Steven Brody: Advancing Science Through Collaboration
Pretty much for as long as he can remember, Steven Brody, MD, has been interested in learning how things work. At an early age, Dr. Brody spent spare hours tinkering with clocks and radios, learning how they worked and how their individual components fit together.
Steven Brody, MD
“I grew up in Ann Arbor, Michigan, and was very influenced by the university environment—in fact, I went to elementary school a few blocks from the University of Michigan campus,” recalled Dr. Brody, who is associate professor in the department of internal medicine at Washington University School of Medicine.
“My father was a PhD researcher in pharmacology, and we always had grad students and post-docs as guests at holidays and get-togethers. Often, I would stop by the lab with him on weekends, and I later worked in labs during high school and college."
After receiving his undergraduate degree from Michigan State University and his MD from the University of Michigan, Dr. Brody left the Wolverine State to pursue his residency in internal medicine at the University of Cincinnati Medical Center in Ohio.
“I liked that the medical center was a city hospital, and I also met my wife there,” he said. “We were interns together, and we first argued about the proper way to draw blood cultures. That was 30 years ago!”
Dr. Brody’s next move—a year of locum tenens—resulted in what he calls one of the most interesting experiences of his career.
“Typically, I’d fill a position of a solo internist who had a huge practice and couldn’t find anyone to cover, either because it was a very small town or the practice was huge,” he explained. “As a newly minted internist, I didn’t have a practice style. Many of these guys did everything, from covering several nursing homes to seeing their patients in the ER, in the hospital and in the office.”
“Other settings were very unusual, like a 20-bed hospital in Humbolt County of northern California and a rural hospital in the foothills of the Appalachian Mountains,” he continued.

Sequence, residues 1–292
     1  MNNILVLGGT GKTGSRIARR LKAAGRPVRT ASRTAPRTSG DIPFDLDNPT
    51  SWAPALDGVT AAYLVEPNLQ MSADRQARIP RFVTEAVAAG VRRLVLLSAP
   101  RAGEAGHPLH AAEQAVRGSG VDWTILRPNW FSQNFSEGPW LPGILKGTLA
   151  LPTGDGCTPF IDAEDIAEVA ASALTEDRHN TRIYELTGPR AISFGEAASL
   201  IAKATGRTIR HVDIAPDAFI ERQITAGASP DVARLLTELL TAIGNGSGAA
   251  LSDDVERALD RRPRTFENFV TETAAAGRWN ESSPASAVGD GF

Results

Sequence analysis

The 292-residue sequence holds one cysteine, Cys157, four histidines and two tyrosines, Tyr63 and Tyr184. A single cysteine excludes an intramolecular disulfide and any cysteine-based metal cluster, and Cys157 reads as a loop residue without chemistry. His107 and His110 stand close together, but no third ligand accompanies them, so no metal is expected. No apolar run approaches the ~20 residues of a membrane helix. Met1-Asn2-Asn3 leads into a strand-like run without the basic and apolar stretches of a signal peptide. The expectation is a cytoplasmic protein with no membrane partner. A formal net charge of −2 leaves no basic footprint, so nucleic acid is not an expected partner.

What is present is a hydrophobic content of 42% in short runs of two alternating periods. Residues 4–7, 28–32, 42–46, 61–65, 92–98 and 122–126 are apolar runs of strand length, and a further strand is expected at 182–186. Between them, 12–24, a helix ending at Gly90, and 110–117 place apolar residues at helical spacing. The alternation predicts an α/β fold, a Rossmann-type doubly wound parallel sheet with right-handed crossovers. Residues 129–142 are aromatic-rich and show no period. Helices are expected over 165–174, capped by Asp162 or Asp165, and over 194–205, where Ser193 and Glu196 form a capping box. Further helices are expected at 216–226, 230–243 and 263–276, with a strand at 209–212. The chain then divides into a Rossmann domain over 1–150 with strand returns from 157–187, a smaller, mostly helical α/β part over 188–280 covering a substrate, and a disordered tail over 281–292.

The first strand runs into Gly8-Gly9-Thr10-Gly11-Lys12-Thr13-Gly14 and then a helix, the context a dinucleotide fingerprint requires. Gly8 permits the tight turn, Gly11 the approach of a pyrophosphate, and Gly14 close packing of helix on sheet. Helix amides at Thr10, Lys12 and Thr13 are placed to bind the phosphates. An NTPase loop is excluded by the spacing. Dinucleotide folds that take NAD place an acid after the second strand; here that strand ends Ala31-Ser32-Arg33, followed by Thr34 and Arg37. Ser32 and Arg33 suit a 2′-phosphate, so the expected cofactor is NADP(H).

After a year of broadly diverse experiences, Dr. Brody began work at Emory University’s Grady Memorial Hospital, where he underwent self-directed training in emergency and critical care medicine.
“I was given a junior faculty position in a broad division that did much of the acute care,” he explained. “During this time, I was fortunate enough to have some incredible role models in medical care and teaching.”
In considering his next move, Dr. Brody decided to look for fellowship positions where he could learn cell and molecular biology-based research, and wound up working at the National Heart, Lung, and Blood Institute (NHLBI).
“This was an experience for which I was not prepared, but it turned out to be one of the most significant influences that launched my career,” he recalled. “The lab chief, Dr. Ron Crystal, had established an incredible environment and attracted a truly remarkable group of postdoctoral fellows from around the world.”
“There was a wonderful bond between the lab members, and we all were inspired to work very hard,” he added. “The experience resulted in some of my most cherished friendships. The people in the lab with me then are now many of the leaders in pulmonary medicine.”
Dr. Brody left the NHLBI in 1994 to take a position at Washington University in St. Louis, where he continued his work in airway epithelial cell biology that he began at the NIH.
“The pulmonary and critical care research group at Washington University School of Medicine has been a strong environment for building and continuing to develop my research,” he said. “There are labs of world-class investigators in every hallway. Investigators are very generous in sharing knowledge, techniques and reagents. Collaborations are easy and I have had the opportunity to interact with multidisciplinary groups working on broad new concepts ranging from nanoparticles to drug development.”
Dr. Brody said he has also had the opportunity to develop wonderful working relationships.
“My lab team has been a great group,” he added. “I have enjoyed seeing young people develop and the pulmonary critical care fellows are exceptional. I have widely diverse experiences moving from the hospital team composed of great nurses and housestaff, back to the lab, to the classroom and to seminars. If I didn’t have to write and compete for grants, it would be a dream job!”
He also appreciates having the opportunity to review grants for the NIH and various foundations, an experience he says has served as a valuable continuing medical education. An ATS member since 1996, Dr. Brody has chaired the Assembly on Respiratory Cell and Molecular Biology and served as a member of the Board of Directors from 2006 to 2008.
At the end of the working day, Dr. Brody says that relaxing with his family helps him recharge.
“Spending time with my wife, who is the director of transfusion medicine at Washington University School of Medicine, and our son, who is in college, is my favorite way to unwind,” he said. He also enjoys gardening, reading and swimming.